That’s a community located an easy stroll away from Beit Ur Al Tahta (the subject of the Amira Hass story) and the adjoining Beit Ur Al Fuqah. Translated to English, the names of those villages are Lower House of Straw, and Upper House of Straw.
Note also that, as Wikipedia points out, they are built on the ruins of the Biblical… Beit Horon. (Who are settlers here, and who is native? It’s rarely as black-and-white in this conflicted part of the world as people like Hass like to portray.)
Hass manages to tell her story without mentioning the rash of murderous stabbings at the Arab-owned Dor Alon gas station on Route 443, an easy hike away from the Beit Ur villages. And other recent Arab-on-Israeli assaults launched on or close to the busy route. And the long history of stabbings, shootings and rammings that have characterized the relationship of our neighbors withthiskey road. On November 23, 2015, as her editors at Haaretz reported, an Israeli, Ziv Mizrahi, just18, was stabbed to death there. Numerous other Israelis have escaped with their lives but injured and maimed. [Clickherefor some of our posts about attacks on Israelis on and near Route 443.]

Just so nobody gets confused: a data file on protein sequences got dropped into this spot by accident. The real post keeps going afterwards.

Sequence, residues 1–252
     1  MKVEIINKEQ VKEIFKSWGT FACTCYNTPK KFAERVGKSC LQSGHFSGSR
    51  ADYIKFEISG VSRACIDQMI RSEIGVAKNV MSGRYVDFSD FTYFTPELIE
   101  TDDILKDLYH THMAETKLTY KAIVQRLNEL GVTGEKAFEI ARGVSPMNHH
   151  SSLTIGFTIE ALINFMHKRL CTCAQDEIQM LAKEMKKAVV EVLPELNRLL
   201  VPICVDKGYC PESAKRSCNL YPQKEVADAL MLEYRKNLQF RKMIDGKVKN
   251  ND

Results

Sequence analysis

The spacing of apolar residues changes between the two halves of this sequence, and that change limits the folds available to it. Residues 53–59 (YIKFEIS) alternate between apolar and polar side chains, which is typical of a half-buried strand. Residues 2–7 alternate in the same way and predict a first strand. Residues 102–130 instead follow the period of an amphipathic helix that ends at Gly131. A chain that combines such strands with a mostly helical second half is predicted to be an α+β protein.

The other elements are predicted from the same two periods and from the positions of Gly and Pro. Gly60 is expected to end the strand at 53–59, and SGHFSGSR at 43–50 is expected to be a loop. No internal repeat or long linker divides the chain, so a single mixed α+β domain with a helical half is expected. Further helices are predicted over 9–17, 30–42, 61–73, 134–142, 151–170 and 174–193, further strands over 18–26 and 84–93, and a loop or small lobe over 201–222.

There’s something depressingly fitting in Hass, recipient of the World Press Freedom Hero award 16 years ago by her peers in the news industry, delivering a bogus slapdown of Israeli “terror” that focuses on a hamlet populated by straw men.